The audio buffer 92, to which the audio signal Sad is inputted, consists of a FIFO memory, for example. The audio buffer 92 temporarily stores the audio signal Sad and outputs it to the audio decoder 93. The audio buffer 92 is to synchronize the audio signal Sad with the video signal Sv or the sub picture signal Ssp including the corresponding video information, and delays the audio signal Sad in accordance with the output condition of the corresponding video information. Then, the audio signal Sad, which is time-adjusted to synchronize with the corresponding video information, is outputted to the audio decoder 93. Then, a predetermined decoding process is applied thereat to the audio signal Sad, and it is outputted as a decoded audio signal Sadd to a speaker etc. not illustrated. If it is detected by the system controller 100 that it is necessary to temporarily stop (pause) the audio voice in the reproduction immediately after accessing, a pause signal Sca is outputted from the system controller 100 to the audio decoder 93, so that the output of the decoded audio signal Sadd is stopped temporarily at the audio decoder 93.

The PCI buffer 94, to which the PCI signal Spc is inputted, consists of a FIFO memory, for example. The PCI buffer 94 temporarily stores the inputted PCI signal Spc and outputs it to the PCI decoder 95. The PCI buffer 94 is to synchronize the PCI packet 50, which is included in the PCI signal Spc, with the video information, the audio information and the sub picture information corresponding to the PCI packet 50, and apply the PCI packet 50 to the video information and the like. Then, from the PCI signal Spc, which is synchronized with the corresponding the video information and the like by the PCI buffer 94, a high light information included in the PCI packet 50 is separated or extracted by the PCI decoder 95, and is outputted as a high light signal Shi to the high light buffer 96. The portion of the PCI packet 50 other than the high light information is outputted as a PCI information signal Spci to the system controller 100.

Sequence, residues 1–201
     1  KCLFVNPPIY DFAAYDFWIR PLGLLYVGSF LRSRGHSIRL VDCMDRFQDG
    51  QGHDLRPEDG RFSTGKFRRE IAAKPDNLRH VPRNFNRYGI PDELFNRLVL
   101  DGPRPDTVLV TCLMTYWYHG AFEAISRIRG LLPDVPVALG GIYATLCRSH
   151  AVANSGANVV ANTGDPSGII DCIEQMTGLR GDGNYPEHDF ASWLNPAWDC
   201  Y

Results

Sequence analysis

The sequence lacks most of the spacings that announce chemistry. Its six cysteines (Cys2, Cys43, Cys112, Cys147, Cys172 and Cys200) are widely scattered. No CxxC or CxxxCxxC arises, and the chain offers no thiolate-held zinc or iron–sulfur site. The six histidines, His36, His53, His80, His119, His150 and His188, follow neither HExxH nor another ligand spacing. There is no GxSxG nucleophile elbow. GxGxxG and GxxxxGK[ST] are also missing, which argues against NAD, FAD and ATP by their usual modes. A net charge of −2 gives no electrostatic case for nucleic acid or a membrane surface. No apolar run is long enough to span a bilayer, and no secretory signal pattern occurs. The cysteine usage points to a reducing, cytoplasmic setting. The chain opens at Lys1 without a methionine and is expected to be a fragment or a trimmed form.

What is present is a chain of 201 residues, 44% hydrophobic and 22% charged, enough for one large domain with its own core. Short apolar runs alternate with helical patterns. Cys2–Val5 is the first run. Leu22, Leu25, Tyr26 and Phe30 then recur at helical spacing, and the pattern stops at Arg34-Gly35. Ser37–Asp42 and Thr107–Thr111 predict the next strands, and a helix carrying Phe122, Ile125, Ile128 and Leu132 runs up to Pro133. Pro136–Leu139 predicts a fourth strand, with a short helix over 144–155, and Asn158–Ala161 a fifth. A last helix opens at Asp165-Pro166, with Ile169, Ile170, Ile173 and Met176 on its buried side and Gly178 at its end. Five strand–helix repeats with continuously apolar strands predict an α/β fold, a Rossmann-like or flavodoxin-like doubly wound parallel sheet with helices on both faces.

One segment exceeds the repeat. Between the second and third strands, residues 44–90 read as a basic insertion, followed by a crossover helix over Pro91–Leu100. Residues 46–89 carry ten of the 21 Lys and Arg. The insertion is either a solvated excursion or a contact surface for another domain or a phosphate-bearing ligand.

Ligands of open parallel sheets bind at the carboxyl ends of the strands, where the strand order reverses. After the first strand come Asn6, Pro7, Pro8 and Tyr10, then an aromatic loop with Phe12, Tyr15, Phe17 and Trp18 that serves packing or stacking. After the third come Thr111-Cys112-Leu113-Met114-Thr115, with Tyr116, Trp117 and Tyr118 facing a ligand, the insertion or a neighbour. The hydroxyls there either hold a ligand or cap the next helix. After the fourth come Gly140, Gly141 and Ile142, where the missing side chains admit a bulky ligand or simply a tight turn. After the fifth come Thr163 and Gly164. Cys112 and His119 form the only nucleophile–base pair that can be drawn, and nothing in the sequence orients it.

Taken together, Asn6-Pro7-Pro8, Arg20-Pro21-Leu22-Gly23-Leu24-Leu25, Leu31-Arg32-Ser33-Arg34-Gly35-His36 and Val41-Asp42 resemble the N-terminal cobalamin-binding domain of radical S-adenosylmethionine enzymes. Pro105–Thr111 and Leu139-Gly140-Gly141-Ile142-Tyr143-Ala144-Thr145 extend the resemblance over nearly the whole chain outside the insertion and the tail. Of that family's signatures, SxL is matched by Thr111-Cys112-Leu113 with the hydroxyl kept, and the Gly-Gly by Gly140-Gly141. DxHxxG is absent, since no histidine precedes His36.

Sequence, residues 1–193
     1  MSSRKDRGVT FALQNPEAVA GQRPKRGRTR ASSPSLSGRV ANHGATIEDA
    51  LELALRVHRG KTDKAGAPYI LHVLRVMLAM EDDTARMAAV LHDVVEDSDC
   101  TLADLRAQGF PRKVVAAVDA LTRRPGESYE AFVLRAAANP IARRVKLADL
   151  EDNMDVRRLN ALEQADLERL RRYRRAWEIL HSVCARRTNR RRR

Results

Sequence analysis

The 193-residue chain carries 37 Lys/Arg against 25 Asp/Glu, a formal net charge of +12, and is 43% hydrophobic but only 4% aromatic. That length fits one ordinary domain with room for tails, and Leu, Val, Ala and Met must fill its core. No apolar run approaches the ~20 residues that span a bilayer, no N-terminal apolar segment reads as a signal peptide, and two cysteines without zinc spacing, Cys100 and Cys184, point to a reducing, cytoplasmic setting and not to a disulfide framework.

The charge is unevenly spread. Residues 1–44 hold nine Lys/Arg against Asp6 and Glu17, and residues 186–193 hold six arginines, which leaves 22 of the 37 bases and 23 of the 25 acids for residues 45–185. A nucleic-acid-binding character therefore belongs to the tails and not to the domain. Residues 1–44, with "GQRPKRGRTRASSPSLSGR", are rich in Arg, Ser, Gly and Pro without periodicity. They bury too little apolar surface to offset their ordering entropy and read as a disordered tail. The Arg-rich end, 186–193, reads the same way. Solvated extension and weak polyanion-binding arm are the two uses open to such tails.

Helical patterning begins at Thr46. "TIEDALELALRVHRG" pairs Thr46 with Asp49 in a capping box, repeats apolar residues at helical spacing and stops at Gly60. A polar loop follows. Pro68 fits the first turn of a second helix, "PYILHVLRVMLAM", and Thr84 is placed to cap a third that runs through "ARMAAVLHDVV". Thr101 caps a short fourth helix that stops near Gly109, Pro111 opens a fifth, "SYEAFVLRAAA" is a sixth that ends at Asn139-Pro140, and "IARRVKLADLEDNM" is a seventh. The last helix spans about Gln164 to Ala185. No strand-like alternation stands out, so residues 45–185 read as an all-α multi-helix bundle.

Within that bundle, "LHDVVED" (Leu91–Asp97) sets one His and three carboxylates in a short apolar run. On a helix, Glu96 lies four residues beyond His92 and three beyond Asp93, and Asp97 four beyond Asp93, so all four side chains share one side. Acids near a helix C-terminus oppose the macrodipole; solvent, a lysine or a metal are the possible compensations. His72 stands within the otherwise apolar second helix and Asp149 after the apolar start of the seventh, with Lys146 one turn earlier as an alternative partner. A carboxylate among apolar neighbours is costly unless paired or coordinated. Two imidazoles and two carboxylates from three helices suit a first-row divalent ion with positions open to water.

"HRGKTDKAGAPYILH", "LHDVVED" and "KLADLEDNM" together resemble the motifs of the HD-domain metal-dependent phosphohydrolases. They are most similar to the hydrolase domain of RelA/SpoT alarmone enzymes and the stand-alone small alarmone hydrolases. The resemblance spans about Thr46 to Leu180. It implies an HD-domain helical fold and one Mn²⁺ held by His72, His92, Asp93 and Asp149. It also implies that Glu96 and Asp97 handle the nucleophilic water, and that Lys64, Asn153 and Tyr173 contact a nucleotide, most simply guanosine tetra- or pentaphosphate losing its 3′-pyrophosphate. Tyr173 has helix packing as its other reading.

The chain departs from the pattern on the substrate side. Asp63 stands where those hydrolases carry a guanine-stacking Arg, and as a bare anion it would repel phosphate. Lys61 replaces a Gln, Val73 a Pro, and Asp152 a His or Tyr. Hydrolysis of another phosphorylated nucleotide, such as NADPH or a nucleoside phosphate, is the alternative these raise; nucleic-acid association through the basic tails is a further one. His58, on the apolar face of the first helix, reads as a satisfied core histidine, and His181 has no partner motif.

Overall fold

The high light buffer 96, to which the high light signal Shi is inputted, consists of a FIFO memory, for example. The high light buffer 96 temporarily stores the inputted high light signal Shi and outputs it to the high light decoder 97. The high light buffer 96 is to time-compensate the high light signal Shi so as to precisely perform a change in the display condition of the selection item, which corresponds to the high light information, in correspondence with the sub picture signal Ssp which includes the video information for the high light information. Then, the time-compensated high light signal Shi is decoded by the high light decoder 97, and the information included in the high light signal Shi is outputted as a decoded high light signal Shid to the system controller 100. Here, the system controller 100 outputs the aforementioned high light control signal Sch to change the display condition by the high light information, on the basis of the decoded high light signal Shid.

On the basis of the control information Sc inputted from the system buffer 85, the control signal Sdmx inputted from the demultiplexer 86, the PCI information signal Spci inputted from the PCI decoder 95 and an input signal Sin inputted from the input unit 98 such as a remote controller, the system controller 100 outputs the aforementioned switch signal Ssw2, the language selection signal S1c, the pause signal Sca and the high light control signal Sch to correctly perform the reproduction corresponding to those input signals, and also outputs a display signal Sdp to display an operation condition etc. of the reproducing apparatus S2 to the display unit 99 such as the liquid crystal device.

Further, the system controller 100 outputs a seamless control signal Scs1 corresponding to the track jump process such as a search process etc., to the drive controller 101, when it detects by the control signal Sc or the aforementioned DSI data etc. that it is necessary to perform the track jump process such as a search in order to perform the seamless reproduction.